Corps thinks of people as resources and does not throw them away needlessly. And although people can be disappeared, if this happens too much people will learn of it and give them more reason to rebell, overtly or invertly.

Not to mention the public relations nightmare of having corporate tanks drive over peaceful protesters, don't you remember what happened in China?

No, corps can't do whatever they want without fear of consequences, they are not all-powerful and ultimately they are humans, not monsters, and alot of these will have some ethics. Although the major stockholders of Aztech can be downright bad people (if they are people), the corp is huge and all the decision making does not rest with one or two people, but thousands.


But the problem is not "what can corps to do shadowrunners that piss them off." Here they can do almost what they want, with the law on their side. The issue is how does internal law work, what can the workers do, and what can foreign nationals do?


And as for the bank question, I don't have a problem with that Zürich Orbital and the Corporate court actually make sense as long as you realize the major corps WANTS it to be this way. Although their power is lessened, it is increased towards the lesser corps - it's actually the smallest companies that benefit the least from it, and even they benefit usually.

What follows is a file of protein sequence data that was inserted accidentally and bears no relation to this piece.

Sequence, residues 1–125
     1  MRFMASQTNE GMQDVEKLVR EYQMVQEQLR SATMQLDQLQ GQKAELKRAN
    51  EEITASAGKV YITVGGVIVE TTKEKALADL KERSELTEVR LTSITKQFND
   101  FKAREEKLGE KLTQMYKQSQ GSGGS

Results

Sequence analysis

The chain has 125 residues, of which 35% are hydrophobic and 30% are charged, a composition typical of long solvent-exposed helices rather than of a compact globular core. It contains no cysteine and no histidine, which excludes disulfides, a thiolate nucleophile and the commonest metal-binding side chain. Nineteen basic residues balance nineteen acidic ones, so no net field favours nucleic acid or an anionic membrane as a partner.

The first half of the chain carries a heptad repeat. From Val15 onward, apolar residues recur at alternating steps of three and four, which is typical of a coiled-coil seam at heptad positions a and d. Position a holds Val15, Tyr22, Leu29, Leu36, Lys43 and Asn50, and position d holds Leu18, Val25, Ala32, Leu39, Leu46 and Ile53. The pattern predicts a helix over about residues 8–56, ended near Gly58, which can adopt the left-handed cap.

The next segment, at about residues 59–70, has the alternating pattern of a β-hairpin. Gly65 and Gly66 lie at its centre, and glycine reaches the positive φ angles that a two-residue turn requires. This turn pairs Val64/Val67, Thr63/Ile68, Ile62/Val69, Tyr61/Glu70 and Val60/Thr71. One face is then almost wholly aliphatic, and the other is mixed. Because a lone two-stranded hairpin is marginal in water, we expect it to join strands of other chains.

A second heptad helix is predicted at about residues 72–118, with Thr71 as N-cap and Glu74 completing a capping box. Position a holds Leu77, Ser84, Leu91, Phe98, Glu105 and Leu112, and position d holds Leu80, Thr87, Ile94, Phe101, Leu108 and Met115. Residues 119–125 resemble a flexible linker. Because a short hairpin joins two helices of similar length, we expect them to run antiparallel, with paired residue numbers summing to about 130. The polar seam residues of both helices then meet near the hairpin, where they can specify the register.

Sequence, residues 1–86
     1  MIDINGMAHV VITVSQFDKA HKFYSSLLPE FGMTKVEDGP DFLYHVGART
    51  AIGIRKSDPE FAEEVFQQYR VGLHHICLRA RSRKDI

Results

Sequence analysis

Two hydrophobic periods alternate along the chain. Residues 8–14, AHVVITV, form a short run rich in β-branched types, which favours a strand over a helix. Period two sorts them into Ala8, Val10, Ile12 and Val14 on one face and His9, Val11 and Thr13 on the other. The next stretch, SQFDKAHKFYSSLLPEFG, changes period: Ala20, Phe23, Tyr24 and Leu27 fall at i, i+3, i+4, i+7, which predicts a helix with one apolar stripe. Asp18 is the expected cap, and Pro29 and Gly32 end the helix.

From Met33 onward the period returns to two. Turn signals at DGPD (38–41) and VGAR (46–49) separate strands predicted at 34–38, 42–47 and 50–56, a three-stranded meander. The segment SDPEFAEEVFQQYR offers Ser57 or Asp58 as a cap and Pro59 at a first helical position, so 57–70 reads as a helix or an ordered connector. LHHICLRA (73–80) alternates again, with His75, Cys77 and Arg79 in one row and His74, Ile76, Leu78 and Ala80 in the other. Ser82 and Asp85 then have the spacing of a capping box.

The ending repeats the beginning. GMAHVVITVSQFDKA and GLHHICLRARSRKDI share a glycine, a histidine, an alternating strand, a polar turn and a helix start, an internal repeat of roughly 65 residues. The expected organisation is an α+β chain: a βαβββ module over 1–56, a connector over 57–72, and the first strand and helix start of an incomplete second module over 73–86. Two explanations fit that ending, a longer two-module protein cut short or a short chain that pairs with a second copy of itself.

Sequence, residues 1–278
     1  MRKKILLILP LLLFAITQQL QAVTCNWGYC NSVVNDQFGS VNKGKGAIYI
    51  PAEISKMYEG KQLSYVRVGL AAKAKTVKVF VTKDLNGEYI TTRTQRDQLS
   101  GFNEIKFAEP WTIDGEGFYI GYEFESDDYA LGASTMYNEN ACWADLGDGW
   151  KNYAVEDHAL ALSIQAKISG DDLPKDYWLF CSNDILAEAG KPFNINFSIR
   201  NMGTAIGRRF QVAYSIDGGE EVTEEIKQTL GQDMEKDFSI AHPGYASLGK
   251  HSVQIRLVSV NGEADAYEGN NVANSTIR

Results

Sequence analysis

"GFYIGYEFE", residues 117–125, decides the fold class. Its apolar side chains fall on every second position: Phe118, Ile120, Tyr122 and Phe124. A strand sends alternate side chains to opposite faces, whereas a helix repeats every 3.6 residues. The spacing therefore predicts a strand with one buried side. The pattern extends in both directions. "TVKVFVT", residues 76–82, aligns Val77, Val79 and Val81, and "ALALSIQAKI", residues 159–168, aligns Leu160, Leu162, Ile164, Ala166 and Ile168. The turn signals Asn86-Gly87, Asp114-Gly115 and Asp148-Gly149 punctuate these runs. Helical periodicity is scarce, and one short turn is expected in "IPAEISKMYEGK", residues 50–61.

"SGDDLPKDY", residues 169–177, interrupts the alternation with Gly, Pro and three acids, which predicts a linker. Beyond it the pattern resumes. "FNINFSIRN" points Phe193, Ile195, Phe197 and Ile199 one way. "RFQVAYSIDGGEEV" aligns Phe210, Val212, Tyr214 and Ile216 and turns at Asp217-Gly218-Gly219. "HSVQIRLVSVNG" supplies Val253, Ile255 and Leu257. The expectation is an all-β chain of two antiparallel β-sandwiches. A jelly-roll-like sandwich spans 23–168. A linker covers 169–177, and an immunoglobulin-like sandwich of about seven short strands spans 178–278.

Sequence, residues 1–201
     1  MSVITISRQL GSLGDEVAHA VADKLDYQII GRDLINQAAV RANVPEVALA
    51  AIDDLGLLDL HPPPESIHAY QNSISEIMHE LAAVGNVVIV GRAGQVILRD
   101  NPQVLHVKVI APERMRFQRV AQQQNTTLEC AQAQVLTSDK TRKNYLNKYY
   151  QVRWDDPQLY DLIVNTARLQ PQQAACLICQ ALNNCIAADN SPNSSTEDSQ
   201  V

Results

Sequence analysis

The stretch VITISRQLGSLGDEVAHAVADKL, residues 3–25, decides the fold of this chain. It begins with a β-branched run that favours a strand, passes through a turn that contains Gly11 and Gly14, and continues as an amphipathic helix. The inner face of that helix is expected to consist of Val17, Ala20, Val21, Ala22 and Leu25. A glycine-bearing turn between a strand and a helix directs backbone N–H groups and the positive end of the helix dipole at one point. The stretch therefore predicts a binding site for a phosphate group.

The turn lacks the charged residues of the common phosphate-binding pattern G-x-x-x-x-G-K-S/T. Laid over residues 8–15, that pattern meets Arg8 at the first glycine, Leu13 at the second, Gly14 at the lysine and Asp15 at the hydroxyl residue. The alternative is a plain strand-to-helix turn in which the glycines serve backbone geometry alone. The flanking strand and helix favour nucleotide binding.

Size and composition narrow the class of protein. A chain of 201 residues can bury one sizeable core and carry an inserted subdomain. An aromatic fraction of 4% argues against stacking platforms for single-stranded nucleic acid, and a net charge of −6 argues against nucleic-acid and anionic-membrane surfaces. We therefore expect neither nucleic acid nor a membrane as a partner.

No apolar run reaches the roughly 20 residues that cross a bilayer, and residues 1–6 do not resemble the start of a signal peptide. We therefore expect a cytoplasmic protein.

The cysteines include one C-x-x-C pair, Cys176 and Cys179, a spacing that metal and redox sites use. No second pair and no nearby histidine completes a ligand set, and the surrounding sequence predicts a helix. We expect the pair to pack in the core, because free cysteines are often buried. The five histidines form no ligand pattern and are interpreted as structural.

It is despotism but it's concealed behind the warm fuzzy facade of democratic capitalism.
The best control is when people don't even realize they're controlled.

I think you're picturing some kind of system where there's a large man beating on a drum in the office while another walks the cubicles with a bullwhip keeping people in line.
So when Bob the corporate drone points out to his immediate supervisor that the new multibillion nuyen project he's working on will kill hundreds of puppies and kids and he's got a problem with that he's going to be dragged off in manacles to the dungeon.